Books that I wish someone would write

Independence Day is a good time to imagine a country transformed. I will review a few books that I wish someone would write.

Marching through Forests
Author: Unknown

Westminster’s eye opened to stare at North-East India during the Second World War, when the Free Indian Army advanced through the disputed frontier between two empires. That forgotten war is brought to life by a naturalist who spent a year in these forests, listening to the stories of the last old men and women who remember that war passing through their villages. Interspersed with this oral history are stories of the wildflowers, insects, and birds of this region.

Seabird
Author: Unknown

Sailing between the Andaman and Nicobar islands is something that many of us may have dreamed of. Very few would think of doing this alone on a Lightning class sailboat. That could be something like crossing the Thar desert on a bicycle. The author sails between islands during the day, and mostly spends nights on land, except in two memorable long sails on open seas. The description of the all-important weather, the birds of the deep sea, and the nights when she doesn’t get to port are fascinating. But even more amazing are her descriptions of diving in the shallow waters of the reefs.

Ghaur Mota to Kibithu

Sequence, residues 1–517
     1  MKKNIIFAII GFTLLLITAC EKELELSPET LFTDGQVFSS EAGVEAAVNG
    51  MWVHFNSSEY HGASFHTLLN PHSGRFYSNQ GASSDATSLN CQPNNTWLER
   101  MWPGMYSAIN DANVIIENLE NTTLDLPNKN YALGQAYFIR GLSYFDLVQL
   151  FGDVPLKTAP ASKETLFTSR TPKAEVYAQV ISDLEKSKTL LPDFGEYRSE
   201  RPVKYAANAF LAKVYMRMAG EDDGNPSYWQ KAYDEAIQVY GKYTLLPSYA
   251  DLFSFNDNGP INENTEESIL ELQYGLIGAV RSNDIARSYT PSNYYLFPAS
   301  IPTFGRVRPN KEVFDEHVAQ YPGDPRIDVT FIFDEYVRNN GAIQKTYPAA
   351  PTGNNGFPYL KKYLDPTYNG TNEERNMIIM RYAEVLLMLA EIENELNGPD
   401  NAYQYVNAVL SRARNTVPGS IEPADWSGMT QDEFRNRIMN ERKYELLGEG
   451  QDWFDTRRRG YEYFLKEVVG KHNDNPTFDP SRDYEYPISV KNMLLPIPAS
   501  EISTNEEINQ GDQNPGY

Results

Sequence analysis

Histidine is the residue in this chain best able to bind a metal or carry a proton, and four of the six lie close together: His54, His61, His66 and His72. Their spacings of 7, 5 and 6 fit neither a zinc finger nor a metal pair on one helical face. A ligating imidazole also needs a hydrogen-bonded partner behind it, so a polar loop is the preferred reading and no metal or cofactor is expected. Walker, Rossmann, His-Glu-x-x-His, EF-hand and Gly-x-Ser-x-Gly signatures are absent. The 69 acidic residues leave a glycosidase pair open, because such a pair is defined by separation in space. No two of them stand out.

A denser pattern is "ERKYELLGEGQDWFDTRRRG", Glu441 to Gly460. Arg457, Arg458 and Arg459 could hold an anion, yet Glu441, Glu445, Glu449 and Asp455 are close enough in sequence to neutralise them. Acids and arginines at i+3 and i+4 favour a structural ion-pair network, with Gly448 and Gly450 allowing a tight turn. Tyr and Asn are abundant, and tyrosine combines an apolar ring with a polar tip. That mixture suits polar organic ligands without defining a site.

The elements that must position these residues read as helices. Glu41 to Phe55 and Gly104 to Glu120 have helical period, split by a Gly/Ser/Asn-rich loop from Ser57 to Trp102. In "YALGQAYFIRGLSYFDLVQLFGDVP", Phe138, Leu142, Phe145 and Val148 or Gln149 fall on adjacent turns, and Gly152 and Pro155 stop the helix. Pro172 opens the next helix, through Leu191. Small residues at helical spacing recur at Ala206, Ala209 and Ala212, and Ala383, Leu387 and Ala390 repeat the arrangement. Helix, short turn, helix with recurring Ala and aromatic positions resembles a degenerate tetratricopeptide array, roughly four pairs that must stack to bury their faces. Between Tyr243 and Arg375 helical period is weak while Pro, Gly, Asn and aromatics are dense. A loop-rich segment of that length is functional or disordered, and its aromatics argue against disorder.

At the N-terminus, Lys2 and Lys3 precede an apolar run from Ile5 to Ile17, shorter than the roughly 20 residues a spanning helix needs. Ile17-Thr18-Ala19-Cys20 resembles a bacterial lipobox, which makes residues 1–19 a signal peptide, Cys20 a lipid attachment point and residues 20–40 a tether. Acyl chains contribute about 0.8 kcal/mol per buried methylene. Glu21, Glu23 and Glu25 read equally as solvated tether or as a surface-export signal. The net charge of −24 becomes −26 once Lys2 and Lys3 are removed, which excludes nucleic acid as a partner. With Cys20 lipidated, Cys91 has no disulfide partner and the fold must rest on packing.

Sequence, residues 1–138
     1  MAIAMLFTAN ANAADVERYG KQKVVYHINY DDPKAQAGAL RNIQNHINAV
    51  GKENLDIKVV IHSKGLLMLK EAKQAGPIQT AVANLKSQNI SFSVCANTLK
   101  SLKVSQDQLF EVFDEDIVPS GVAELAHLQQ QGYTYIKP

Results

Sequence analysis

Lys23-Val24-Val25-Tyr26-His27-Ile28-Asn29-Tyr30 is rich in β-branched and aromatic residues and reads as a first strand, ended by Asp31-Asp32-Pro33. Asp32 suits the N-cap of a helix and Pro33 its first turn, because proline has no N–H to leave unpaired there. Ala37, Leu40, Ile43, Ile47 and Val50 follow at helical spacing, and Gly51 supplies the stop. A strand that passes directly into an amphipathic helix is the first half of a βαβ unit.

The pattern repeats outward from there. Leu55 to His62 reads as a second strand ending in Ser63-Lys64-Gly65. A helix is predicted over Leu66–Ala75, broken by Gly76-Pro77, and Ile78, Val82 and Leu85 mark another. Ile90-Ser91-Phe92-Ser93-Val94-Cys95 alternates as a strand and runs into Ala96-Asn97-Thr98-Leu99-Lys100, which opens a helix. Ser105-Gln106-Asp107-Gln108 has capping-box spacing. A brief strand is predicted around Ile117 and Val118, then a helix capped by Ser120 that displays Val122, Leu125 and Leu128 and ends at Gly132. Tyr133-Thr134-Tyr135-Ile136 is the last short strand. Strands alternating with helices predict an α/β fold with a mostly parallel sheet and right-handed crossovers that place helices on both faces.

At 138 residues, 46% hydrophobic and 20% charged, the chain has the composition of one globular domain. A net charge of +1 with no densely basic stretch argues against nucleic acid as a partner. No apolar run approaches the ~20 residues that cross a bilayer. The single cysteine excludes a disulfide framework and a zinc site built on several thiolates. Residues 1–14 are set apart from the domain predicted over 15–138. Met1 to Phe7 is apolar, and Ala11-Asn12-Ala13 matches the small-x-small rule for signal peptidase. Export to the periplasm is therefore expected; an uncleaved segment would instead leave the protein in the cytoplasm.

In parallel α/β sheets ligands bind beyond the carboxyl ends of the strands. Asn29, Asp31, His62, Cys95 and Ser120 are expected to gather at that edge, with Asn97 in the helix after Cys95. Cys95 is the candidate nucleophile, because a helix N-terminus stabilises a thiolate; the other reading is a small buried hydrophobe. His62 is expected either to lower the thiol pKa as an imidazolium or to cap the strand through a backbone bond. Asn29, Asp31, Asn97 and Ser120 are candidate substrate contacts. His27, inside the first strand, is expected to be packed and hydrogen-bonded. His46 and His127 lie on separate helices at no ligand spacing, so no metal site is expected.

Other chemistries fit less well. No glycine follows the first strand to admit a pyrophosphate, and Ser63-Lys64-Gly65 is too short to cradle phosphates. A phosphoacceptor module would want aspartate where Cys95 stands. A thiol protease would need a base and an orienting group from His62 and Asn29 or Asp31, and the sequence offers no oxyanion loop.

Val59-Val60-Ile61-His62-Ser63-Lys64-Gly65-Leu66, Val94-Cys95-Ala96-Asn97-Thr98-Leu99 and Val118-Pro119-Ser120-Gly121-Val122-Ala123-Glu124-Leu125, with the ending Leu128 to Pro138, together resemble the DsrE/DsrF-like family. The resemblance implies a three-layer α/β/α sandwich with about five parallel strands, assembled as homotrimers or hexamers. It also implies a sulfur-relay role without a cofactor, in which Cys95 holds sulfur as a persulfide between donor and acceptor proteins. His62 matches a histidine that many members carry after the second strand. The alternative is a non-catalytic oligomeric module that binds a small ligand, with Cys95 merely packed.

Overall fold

Authors: Unknown

The story of two teenagers who took a break year in high school to travel through India, from west to east, makes for a fascinating reading. Even the varied modes of transport are interesting: lugging bicycles on to bullock carts and backs of trucks, the occasional train ride, and the inevitable slog of pedaling through mountain roads. They write extensively about the “tribals” they meet, detailing their ways of life. The fascinating book results from their collaboration with a historian, who traces what is known of the history of these “tribes” from the middle ages to today. Each of these threads is a book. The two together is a gem.

Water and empire
Author: Unknown

That a hydraulic engineer would write about water and its distribution is understandable. When such a person turns her professional lens to understanding medieval and early modern India history, she can throw new light on the rise and (mainly) fall of empires. The climate of India has not been stable over nine hundred years. These instabilities in the monsoon have forced kingdoms to adapt their water use. The impact on history has never been written about so well.

Slugs and Snails, and Tigers’ Tails: Nature writers of India
Author: Unknown

This slim volume is almost a bibliography of lost books. In classical Sanskrit poetry and in Mughal miniature paintings, we see passing glimpses of nature. The genre of nature writing is very modern; even Jim Corbett describes nature in passing. The author sifts through four centuries of history, tracing nature writing in India from the early modern era to its burgeoning today. The wealth of information recorded incidentally can only be rivaled by the amount of information about the present day that you get by examining the backgrounds of selfies posted on Instagram.